Obasanjo and IBB
A former Chief of Army Staff, Lt.-Gen. Ishaya Bamaiyi, has shed light on the strategy allegedly deployed by former generals to ensure the emergence of a former military Head of State, Gen. Olusegun Obasanjo, as the country’s president in 1999.

Bamaiyi’s new book, Vindication of a General, claimed that a former Head of State, Gen. Abdulsalami Abubakar (retd.), who was in power at the time; former military dictator, Gen. Ibrahim Babangida; ex-Minister of Defence, Gen. Theophilus Danjuma (retd.); and a former National Security Adviser, Gen. Aliyu Gusau, developed and executed the plan that helped Obasanjo to return to power as a civilian president in 1999.

The former army chief, who was detained for years during the Abdulsalami regime, attributed his travails to his opposition to Obasanjo’s candidacy and his support for the Alliance for Democracy’s  presidential candidate in 1999, Chief Olu Falae.

He further revealed that the plot to return Obasanjo to power started shortly after Abdulsalami got into power. He alleged that Abdulsalami, on becoming the head of state, started holding secret meetings with Babangida and Gusau, on the future of the country.

He stated, “Unknown to me, Gen. (Abdulsalami) Abubakar had already committed himself to Generals Babangida, T.Y.Danjuma and Aliyu Gusau on General Obasanjo’s coming in to take over from him. A proposal I totally objected to, which I told Generals Abubakar, TY Danjuma and Aliyu Gusau in very clear terms. My stand did not go (down) well with the generals and General Abubakar started feeling unsafe.”

He stated, “He (Abdulsalami) was supported by some northern generals, who believed one of them would take over from Obasanjo after one term of four years. It was alleged that Obasanjo had promised Gen. Babangida that he would succeed him.”

To buttress his claim, the Bamaiyi said, “General Abubakar prepared and handed over his (handover) report to Gen. Obasanjo’s team, dated June 1998. This means that he prepared the report as soon as he was sworn in as the commander-in-chief in June 1998.”

Bamaiyi noted he insisted on Falae when he discovered that those who annulled June 12, 1993 election wanted to ‘arrange’ a president for the South-West.

“I decided to take Chief Olu Falae to Gen. Abubakar and only Abubakar and I discussed this issue.  I do not regret that action because I was and I am convinced Falae would have done better as president of our great country. I am glad those behind Obasanjo knew (sic) better,” he said on page 120 of the book.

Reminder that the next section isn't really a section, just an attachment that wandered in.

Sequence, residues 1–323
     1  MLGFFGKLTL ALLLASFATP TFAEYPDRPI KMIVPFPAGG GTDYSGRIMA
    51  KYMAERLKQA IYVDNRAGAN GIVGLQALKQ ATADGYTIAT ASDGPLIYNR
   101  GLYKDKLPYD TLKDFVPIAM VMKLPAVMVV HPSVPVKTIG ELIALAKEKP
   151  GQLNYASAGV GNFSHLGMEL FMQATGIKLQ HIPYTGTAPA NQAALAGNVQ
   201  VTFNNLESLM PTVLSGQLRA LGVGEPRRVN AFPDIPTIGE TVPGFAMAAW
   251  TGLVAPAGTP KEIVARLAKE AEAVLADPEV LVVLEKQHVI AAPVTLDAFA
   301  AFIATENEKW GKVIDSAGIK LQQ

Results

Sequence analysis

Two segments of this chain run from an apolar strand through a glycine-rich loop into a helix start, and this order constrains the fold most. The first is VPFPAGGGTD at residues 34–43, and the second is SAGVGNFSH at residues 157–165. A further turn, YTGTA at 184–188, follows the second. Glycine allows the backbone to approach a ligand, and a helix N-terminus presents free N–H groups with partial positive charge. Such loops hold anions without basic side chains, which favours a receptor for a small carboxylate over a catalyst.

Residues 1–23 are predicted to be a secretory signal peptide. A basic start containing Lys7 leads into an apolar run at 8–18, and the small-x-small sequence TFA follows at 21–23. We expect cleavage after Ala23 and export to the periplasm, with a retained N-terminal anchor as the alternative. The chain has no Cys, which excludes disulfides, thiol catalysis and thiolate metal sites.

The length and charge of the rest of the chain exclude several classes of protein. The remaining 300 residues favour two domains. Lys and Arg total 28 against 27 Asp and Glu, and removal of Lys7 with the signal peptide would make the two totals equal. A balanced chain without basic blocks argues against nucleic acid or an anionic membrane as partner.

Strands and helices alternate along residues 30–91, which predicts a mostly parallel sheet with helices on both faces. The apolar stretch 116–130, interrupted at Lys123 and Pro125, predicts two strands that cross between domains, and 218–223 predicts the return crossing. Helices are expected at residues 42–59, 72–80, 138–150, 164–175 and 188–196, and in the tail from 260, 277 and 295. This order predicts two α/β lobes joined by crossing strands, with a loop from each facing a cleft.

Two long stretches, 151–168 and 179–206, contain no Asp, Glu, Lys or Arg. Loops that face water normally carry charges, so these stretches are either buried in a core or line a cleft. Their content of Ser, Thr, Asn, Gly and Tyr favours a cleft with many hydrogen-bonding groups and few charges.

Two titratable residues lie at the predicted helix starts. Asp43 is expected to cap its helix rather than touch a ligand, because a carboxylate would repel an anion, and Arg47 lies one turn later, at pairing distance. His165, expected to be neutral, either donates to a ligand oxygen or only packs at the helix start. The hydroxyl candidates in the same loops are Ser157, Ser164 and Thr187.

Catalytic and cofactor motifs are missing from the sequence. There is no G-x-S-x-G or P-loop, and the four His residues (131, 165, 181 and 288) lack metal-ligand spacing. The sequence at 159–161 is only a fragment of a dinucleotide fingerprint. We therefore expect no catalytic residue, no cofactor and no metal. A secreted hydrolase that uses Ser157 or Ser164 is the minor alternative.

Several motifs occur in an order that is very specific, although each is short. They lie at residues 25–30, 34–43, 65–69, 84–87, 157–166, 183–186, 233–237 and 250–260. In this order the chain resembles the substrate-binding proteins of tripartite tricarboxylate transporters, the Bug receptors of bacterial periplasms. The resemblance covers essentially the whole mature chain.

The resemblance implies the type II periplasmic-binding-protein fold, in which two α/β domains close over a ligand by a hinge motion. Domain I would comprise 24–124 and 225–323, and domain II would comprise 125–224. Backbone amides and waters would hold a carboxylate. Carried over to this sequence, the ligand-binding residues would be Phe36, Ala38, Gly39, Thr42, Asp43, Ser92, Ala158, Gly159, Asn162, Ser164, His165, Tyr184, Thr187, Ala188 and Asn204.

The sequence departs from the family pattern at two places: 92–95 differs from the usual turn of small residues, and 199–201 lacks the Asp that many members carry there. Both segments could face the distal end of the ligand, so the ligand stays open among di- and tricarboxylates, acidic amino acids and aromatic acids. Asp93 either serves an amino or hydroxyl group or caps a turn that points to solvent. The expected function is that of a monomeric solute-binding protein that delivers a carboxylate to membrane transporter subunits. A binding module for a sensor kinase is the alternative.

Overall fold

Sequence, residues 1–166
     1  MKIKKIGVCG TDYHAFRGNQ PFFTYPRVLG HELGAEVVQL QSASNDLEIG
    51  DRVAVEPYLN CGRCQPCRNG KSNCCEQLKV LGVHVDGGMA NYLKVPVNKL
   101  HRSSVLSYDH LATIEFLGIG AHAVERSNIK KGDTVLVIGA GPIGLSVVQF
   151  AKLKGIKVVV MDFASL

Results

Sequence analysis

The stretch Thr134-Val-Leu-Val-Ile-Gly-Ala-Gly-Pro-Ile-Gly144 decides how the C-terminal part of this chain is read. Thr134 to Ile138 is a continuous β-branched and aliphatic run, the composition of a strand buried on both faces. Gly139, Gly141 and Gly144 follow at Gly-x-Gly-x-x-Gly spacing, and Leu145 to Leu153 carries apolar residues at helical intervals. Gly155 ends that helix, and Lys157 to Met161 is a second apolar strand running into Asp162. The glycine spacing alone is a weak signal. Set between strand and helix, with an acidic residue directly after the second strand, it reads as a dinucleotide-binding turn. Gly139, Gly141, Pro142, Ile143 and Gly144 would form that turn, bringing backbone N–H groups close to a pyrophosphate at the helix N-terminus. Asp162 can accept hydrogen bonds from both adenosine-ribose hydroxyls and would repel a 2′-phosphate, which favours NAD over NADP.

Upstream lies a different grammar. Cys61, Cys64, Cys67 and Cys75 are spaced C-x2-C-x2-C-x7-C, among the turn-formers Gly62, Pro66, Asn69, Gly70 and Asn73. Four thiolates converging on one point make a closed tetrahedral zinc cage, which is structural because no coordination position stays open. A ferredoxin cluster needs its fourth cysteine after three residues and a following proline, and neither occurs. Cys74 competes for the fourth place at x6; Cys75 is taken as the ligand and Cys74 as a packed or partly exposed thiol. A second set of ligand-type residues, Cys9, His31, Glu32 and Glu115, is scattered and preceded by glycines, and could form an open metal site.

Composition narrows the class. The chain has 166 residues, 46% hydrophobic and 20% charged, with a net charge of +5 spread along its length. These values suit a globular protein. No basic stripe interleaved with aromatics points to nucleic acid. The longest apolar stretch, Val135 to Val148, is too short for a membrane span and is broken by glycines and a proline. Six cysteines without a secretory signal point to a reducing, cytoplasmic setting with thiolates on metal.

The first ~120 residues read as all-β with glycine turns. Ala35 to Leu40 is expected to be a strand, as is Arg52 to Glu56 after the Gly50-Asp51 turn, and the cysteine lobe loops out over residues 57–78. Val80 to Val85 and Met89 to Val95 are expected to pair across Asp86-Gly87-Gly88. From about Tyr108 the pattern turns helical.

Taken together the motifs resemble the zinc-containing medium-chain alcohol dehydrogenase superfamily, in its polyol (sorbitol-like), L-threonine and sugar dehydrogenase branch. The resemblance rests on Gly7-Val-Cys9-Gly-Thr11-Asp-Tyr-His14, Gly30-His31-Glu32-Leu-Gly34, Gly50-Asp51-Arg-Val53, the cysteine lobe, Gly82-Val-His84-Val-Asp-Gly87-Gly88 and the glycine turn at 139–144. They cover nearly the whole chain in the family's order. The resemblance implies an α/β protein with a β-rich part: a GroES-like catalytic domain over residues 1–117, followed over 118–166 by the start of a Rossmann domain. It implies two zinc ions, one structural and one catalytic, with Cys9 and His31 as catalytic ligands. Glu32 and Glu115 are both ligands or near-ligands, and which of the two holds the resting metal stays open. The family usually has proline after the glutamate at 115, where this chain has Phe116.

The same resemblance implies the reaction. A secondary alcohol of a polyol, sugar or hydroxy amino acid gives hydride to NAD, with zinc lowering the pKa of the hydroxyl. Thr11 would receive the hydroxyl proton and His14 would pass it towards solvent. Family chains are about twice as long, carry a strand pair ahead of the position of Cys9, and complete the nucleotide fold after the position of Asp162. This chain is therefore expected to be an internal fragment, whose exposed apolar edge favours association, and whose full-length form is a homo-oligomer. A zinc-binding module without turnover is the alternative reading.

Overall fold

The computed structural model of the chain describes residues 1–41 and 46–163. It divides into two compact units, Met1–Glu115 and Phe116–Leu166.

Bamaiyi said the entire plot was mooted by Babangida who was desperate to return to power. Bamaiyi  stated, “This was not done because they liked Obasanjo, but because of the ambition of General Babangida to return as president after Obasanjo’s tenure.

“I believe that they saw Obasanjo as a political novice they would manipulate. They never thought they would meet a different Obasanjo from the one they had known in 1979.”

He added that Gusau and Danjuma put pressure on him to support Obasanjo, but he told them that Nigerians were tired of military rule.

“When I discovered that some people were pushing for a president from the South-West, I asked a friend, Dr. Frank Adejuwon, a minister in the Abacha cabinet, to contact Chief Falae and bring him to Abuja.

“I took Falae to Gen. Abubakar and told him that Falae was a very good candidate, if the presidency had to go to the South-West. I believe Gen. Abubakar briefed Obasanjo, which led to an unforgiving Obasanjo developing actual hatred as far as I am concerned.”

On page 125, however, Bamaiyi also revealed that his support for Falae was a last resort. He pointed out that narrowing the search for the next president to the South-West did not make sense to him.

He stated, “When Gen. Abukakar took over, he and I had a discussion about the military and how Nigerians hated it. We agreed we should make a clean break by ensuring the next president would be someone without a military background.

“I was later told that for some reasons, others involved wanted someone from the South-West, which did not make any sense to me. I stood for an open election for Nigerians to decide who ruled them.”

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